Review: Arc’teryx Norvan LD3 Women’s Trail Shoes

A great all-round trail shoe with a bold and interesting design and a lightweight yet supportive feel

Feature type Review

Read time 5 mins

Published Sep 11, 2023

Author Lena Drapella

Photographer Lena Drapella

Lena Drapella
Lena Drapella A UK based commercial photographer, Lena can often be found climbing, skiing, surfing or glued to a screen with an editing software. She’s a passionate advocate for environmental progress from carbon offsetting to a circular economy.

The Arc’teryx Norvan LD3 is a great all-round trail shoe, with bold and interesting design, a lightweight feel, and plenty of stiffness through the sole.

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Weight per shoe 250g
Features Vibram Megagrip sole, 4mm lugs, breathable and fast-drying Cordura upper


  • Well-made, sturdy design
  • Very supportive sole
  • Great traction


  • Composition feels slightly imbalanced – large outsole, thin upper
  • Top end of price range


Although I’m no fell-racing aficionado, it is really important to me that my running shoes are responsive, comfortable and grippy. Full disclosure: my normal trail and fell shoes are Altras. The zero drop and horizontal width I’m accustomed to from ‘natural’ feeling shoes means that the 9mm on these Norvans initially felt like quite a lot. 


I liked the boldness of the black and white colour scheme, with Arc’teryx presumably trying to distance themselves from the often garishly vibrant offerings available elsewhere (I own a pair of shoes whose colour scheme can only be described as ‘Reese’s Peanut Butter Cups’).

The Norvans felt reassuringly chunky and firm straight out of the box, although I did find the beefiness of the sole a little unbalanced against the ultra-lightweight upper.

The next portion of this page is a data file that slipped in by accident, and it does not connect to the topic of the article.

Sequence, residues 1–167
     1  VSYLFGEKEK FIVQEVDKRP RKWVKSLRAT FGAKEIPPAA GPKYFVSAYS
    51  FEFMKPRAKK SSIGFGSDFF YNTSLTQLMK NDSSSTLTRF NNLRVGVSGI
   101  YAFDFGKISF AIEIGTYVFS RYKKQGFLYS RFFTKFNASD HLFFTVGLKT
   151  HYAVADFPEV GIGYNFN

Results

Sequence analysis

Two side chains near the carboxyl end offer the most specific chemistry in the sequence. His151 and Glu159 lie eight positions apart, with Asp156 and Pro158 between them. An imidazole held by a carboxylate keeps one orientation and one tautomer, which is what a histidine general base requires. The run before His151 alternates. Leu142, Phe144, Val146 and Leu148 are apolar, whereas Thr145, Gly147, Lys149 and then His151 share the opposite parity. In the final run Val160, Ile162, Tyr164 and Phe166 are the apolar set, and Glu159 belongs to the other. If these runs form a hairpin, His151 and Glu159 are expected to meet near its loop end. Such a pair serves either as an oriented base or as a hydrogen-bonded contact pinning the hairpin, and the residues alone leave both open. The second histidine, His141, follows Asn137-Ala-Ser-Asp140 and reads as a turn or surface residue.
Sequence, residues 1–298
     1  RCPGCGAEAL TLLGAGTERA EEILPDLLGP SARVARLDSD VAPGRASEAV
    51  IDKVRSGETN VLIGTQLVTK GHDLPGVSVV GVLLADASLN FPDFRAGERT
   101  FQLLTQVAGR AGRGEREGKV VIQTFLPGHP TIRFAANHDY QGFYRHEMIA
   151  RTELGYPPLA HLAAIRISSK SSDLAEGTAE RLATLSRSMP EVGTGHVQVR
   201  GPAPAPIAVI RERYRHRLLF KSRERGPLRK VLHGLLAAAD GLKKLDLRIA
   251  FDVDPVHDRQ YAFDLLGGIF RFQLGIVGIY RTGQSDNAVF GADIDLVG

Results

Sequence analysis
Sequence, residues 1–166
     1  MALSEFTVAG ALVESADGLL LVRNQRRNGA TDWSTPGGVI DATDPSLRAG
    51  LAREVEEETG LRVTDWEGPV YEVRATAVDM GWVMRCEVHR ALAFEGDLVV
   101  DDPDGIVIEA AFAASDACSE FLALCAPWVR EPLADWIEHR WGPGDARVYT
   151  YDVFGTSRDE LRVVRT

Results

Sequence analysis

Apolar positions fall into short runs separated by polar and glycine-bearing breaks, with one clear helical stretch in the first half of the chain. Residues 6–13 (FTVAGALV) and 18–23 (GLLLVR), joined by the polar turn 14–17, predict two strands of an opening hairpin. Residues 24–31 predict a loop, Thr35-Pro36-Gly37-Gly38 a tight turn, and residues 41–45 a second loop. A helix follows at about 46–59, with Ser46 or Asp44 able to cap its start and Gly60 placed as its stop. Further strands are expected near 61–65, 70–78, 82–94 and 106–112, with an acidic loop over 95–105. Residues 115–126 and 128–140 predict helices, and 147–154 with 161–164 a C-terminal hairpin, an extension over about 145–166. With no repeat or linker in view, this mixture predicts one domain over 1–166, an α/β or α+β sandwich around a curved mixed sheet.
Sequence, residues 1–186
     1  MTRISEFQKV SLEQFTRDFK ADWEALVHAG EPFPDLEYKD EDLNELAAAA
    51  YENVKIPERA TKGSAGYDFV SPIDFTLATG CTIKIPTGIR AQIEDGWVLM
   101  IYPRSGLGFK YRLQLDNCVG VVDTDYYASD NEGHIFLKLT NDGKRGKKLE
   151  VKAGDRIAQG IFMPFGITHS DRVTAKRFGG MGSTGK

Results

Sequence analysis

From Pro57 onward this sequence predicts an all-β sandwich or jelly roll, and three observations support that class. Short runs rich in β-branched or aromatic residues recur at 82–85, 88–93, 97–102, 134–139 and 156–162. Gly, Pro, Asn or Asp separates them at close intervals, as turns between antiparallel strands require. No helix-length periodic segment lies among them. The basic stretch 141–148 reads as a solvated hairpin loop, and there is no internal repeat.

The Norvans felt reassuringly chunky and firm straight out of the box, although I did find the beefiness of the sole a little unbalanced against the ultra-lightweight upper


I used these in two very different environments close to home in North Wales. My first run was a short, door-to-door 5km loop through the forest and the second a much more exposed, varied route at a higher altitude in mixed conditions. Despite my initial scepticism due to the high drop, I was quickly surprised by the level of support provided by the stiff sole. 

On fairly chilled, predictable trails close to home, I felt like I could move very positively and run with plenty of confidence, a really nice feeling in shoes straight out of the box. The 4mm lugs are perfect on this type of terrain and although the sole was noticeably chunkier than what I’m used to, I actually found this to be a blessing in many ways. They were really comfortable – Arc’teryx reckon the toebox has been designed to ‘accommodate splay’, which I would say is more-or-less accurate. 

When I took them out on more technical terrain, I was equally impressed, although I’d maybe have taken a slightly more aggressive tread for some of the vertical bog that makes Snowdonia (Eryri) such an enviable place to run. The stiff sole gave a lot of drive and protection against rockier, looser terrain, while the very thin upper dried rapidly after encounters with the aforementioned bog.